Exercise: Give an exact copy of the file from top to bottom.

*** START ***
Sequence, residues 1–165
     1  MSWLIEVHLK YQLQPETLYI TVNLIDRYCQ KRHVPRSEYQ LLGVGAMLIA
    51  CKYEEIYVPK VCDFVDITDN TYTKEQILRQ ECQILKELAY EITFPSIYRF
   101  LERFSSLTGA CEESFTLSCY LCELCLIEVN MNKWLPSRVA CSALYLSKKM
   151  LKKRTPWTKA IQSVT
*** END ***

Sequence, residues 1–165
     1  MSWLIEVHLK YQLQPETLYI TVNLIDRYCQ KRHVPRSEYQ LLGVGAMLIA
    51  CKYEEIYVPK VCDFVDITDN TYTKEQILRQ ECQILKELAY EITFPSIYRF
   101  LERFSSLTGA CEESFTLSCY LCELCLIEVN MNKWLPSRVA CSALYLSKKM
   151  LKKRTPWTKA IQSVT